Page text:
proved himself no indolent of Bishop Randolph, the Bishopric consumer of the emoluments of his of London was pressed upon him, high offices : a more vigilant, active, which, however, for various reasons, useful Prelate never adorned the important to himself and his family, bench. The able works which he be declined. There is one more has produced in succession, are to fact to mention concerning this be classed among the most valuable distinguished prelate, and we must publications of modern times. Not have done. alone useful to students in theology, “ A wbimsical old gentleman of to the rights of the church, and the Lincoloshire, whose name was T--, general interests of literature, they conceived a great partiality for the form standard books of reference Bishop, and principally from his and authority for all writers on punctual and conscientious distheological subjects, now and here. charge of the Episcopal duty. after. Perhaps the Refutation of After a few interviews, this attachCalvinism is that which displays ment increased, and be openly most effectually the Bishop's powers avowed his determination to make of argument, extensive reading, and Dr. P his sole heir and recontroversial skill. This work has siduary legatee. But the matter been repeatedly attacked, but never was supposed to be suspended but will be answered. They who shall on a slight thread, for Mr. Thave the charge of pupils intended had done the same by others, and for the Ecclesiastical profession, made similar promises again and uerer can be said to have discharged again. Indeed, if our friend was



rightly informed, the circumstance examination for degree, he was not of his tea not being made one even- able to encounter the fatigues and ing in a manner perfectly agreeable anxieties of the Senate House, and to the old gentleman's palate, was was accordingly put to his probavery near overturning the baseless tion privately in his room. It must fabric. He went home exceedingly have been a vexatious circumstance, chagrined and out of humour; but for he had so distinguished himself on the suggestion that it was ano- in the schools, that it was generally ther's fault, and that the Bishop imagined he would have been the could not possibly help it, he re- senior wrangler of his year. This covered his temper, and suffered honour was, however, well bethings to remain as they were. stowed on a Mr. Oldishaw, a gentleHe died, and the property to a man of Emanuel college, who was very great amount came into the afterwards domestic chaplain to Bishop's possession : the whole Bishop Sutton, and now, if we miscould not be estimated at so little take not, resides on preferment in as two thousand a-year. One Norfolk, given him by his patron, pleasing circumstance attended it: where also he has the rank of Archon felicitating the Bishop on an deacon. event so bighly flattering in itself, Mr. as might naturally and beneficial to his family, bis be expected, was a participator of lordship assured our friend, as ap- his brother's good foriune. He obo pears from the manuscript, that tained the chancellorship of Lthere were no poor relations who and a prebend in the cathedral of could justly complain of being in- N- He was to have been jured. This estate, with its appur- Canon Residentiary of St. Paul's, tenances, has since beep settled on but this, if our information be corthe Bishop's eldest son.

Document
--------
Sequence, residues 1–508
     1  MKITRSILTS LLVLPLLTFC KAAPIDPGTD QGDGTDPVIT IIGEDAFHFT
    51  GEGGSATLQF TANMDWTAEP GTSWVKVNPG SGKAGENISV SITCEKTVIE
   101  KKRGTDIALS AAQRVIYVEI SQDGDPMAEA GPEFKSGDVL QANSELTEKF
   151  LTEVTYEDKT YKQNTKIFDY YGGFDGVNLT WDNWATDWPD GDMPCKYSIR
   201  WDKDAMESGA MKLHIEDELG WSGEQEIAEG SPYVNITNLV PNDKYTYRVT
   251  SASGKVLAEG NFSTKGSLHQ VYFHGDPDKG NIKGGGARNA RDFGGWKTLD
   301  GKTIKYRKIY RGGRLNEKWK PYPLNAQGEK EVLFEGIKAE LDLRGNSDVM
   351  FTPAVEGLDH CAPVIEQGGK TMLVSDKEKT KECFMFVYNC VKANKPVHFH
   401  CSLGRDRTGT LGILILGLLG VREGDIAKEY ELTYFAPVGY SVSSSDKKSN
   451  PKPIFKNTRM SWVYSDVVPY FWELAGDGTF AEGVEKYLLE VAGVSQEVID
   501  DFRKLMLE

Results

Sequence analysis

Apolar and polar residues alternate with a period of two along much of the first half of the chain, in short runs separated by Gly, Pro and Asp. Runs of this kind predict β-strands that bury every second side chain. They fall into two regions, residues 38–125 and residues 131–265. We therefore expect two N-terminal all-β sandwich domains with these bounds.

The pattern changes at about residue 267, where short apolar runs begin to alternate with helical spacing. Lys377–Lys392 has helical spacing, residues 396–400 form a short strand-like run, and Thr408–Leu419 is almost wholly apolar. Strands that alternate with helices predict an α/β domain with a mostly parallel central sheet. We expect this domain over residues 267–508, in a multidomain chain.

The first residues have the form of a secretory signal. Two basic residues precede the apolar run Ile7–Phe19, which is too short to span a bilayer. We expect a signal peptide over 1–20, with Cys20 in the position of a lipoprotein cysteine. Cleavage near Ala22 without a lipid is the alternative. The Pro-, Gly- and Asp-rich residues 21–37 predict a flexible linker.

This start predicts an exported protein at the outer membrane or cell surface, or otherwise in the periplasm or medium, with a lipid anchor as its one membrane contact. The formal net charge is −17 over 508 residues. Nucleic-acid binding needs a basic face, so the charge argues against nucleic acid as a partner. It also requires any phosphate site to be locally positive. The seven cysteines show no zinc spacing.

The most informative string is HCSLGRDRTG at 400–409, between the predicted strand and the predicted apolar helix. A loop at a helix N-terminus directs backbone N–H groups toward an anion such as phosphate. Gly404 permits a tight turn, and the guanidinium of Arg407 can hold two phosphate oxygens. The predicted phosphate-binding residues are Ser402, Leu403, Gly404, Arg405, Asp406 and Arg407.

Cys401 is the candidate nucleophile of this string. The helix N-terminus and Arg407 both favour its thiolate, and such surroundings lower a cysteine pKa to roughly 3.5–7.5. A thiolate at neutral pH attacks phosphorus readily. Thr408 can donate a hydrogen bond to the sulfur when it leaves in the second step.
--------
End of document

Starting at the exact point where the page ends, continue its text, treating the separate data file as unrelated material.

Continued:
rect, was objected to by the King “ The Bishop had a brother, of himself, who learning that it might Pembroke college also, who was by possibility happen that the Dean nearly our friend's contemporary. with his brother might form a maHe had the reputation of talents jority in the chapter, for this, and which had the same bias as those of for this reason only, refused his. the Bishop, but he was of infirm consent." health; and at the usual time of

ANECDOTES of Porson.

Porson was born at Earl Rus- opportunities he afterwards enjoyed, ton, in Norfolk, on Christmas Day, and so well improved. Porson had

His father was parish-clerk certainly, when quite a child, the to Mr. H., who was also minister practice of making letters on any of B. Mr. H. was a most amiable sandy or moist surface upon whicha and truly benevolent man; and be. they could be conspicuously formed. yond all doubt was the first encou- His relations were wont to draw inrager of Porson's early disposition ferences very favourable to his intelto learning, and the individual also lect, from this circumstance; but to whose exertions he owed the after all, this is a very common


practice, indeed much too frequen: lenophilus, tijat Mr. Summers, to to be considered as any indication whom afterwards Porson went to of a prodigy. Mr. W., who was school, was a plain man, who promentioned in the preceding chap- fessed nothing beyond English and ter, noticed in him very soon an the common rudiments of Latin. extraordinary quickness with regard This is not quite correct. Mr. Sunito figures--this was much more to mers was, and it is presumed is, a the purpose and this be ever re- very respectable scholar. He was tained.